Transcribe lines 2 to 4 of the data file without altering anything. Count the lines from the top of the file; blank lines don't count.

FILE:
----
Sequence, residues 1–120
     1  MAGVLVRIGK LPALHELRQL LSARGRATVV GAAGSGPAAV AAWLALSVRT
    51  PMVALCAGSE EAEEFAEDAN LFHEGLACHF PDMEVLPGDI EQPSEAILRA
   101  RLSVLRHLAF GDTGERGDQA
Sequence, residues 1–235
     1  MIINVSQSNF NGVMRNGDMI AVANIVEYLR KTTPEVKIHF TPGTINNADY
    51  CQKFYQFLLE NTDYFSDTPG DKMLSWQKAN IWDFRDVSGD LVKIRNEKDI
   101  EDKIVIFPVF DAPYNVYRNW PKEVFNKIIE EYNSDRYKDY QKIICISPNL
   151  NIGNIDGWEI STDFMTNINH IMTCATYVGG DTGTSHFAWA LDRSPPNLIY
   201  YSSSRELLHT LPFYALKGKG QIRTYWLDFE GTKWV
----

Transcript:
     1  MAGVLVRIGK LPALHELRQL LSARGRATVV GAAGSGPAAV AAWLALSVRT
    51  PMVALCAGSE EAEEFAEDAN LFHEGLACHF PDMEVLPGDI EQPSEAILRA
   101  RLSVLRHLAF GDTGERGDQA